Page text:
I ARRIVED at BBC Pacific Quay seconds before the doors opened and the scene quickly began to resemble a throwback to the ’70s in the neighbouring shipyards, with workers streaming out onto the picket line.
It was an awe-inspiring moment as the crowd surged forward to listen to their national union officials.
BECTU Organiser, Paul McManus, laid it on the line. It was all about stopping what we believe to be ‘major-scale mismanagement’ across the BBC and he reminded ‘the troops’ that this scene was being replicated all over the nations and regions of the BBC, with journalists and technical staff ‘hitting the cobbles’.
As he wound up and handed over to me, I realised where I was, surrounded by some of the most eloquent professional people in the country and I had no prepared speech.
Glancing quickly down at the expectant faces, I ‘clocked’ at least five of the NUJ members who have faced the axe in recent months and it was easy to channel the anger and frustration attached to this dispute into what I had to say.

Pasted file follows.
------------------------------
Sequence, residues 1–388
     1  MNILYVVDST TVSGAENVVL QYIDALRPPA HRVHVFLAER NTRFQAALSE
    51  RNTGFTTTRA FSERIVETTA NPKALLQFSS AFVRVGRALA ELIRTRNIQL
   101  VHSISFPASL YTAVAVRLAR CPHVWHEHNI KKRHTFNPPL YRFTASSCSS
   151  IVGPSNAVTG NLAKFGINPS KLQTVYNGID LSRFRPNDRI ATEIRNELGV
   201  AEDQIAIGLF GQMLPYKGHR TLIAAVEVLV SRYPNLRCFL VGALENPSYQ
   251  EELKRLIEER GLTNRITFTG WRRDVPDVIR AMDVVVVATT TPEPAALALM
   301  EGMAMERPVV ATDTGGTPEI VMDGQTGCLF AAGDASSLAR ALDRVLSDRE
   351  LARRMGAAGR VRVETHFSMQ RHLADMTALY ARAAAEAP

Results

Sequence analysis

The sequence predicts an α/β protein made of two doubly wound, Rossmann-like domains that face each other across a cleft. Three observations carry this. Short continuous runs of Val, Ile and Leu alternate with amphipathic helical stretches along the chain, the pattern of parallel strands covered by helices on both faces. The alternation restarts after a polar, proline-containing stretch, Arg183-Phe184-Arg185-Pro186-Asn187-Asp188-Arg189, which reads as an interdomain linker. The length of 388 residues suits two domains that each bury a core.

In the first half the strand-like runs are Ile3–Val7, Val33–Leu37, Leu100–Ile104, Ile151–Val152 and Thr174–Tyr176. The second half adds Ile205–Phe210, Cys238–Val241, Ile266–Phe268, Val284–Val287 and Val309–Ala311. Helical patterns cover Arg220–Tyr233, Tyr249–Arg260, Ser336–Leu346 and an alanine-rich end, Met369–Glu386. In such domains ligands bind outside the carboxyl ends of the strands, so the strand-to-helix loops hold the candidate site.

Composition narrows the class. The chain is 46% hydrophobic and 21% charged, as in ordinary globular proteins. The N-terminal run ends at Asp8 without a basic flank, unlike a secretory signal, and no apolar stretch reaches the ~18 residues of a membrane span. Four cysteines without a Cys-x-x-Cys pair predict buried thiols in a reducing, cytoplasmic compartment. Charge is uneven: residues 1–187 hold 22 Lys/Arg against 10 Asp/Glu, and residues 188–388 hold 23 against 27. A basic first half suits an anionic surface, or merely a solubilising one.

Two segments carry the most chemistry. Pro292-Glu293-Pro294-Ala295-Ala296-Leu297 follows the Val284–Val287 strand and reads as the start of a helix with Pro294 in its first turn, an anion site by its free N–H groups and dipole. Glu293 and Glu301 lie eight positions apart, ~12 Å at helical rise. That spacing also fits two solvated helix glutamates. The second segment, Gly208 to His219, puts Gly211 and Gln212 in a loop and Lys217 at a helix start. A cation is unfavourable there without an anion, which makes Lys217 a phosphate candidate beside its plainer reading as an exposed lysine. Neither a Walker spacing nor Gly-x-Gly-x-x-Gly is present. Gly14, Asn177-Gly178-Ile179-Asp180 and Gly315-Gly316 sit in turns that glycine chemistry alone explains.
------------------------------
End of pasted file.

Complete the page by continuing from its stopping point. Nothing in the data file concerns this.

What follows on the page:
This was about seeking to protect colleagues from the threat of compulsory redundancy.
It would have been perfectly understandable if I had choked on my first words. However the words tumbled out, that, in my opinion, this was the worst management team I have ever experienced in 20 years. Cue applause.
It culminated in a bold statement demanding the need to replace the current management.
For the next hour or so there was a buzz about the place, as old friends mingled, some of whom having worked their last shift, and taking voluntary deals, ended their BBC experience with the bizarre action of a walkout accompanied by hundreds of colleagues fighting for those who remain.
It was a special day but also just another in what promises to be a long fight unless the new BBC director-general, Tony Hall, can ‘see the light’.
Paul Holleran is the Scottish Organiser of the National Union of Journalists. Says the NUJ website: “BBC NUJ members went on strike [today] together with technicians and other members of broadcasting union, BECTU, over compulsory redundancies, excessive workloads and bullying and harassment within the Corporation.”